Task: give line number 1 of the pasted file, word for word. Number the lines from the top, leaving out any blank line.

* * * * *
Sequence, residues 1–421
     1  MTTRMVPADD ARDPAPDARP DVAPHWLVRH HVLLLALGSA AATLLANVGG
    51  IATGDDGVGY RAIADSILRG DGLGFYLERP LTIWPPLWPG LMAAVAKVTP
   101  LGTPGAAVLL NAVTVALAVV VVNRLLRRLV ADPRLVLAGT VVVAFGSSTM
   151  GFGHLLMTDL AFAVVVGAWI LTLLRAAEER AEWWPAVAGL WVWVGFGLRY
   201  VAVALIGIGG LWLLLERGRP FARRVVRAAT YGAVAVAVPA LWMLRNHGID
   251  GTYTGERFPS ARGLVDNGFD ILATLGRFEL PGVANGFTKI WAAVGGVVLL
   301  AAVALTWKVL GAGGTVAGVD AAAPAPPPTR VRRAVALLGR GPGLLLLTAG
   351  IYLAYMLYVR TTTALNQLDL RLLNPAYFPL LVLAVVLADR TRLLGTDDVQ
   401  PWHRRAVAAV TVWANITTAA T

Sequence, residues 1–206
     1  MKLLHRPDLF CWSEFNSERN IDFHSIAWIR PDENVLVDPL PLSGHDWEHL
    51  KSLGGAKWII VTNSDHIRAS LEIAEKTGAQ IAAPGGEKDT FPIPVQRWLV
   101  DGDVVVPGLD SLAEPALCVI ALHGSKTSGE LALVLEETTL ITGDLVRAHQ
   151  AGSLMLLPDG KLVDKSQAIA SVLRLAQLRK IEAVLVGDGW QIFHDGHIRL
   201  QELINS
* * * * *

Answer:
Sequence, residues 1–421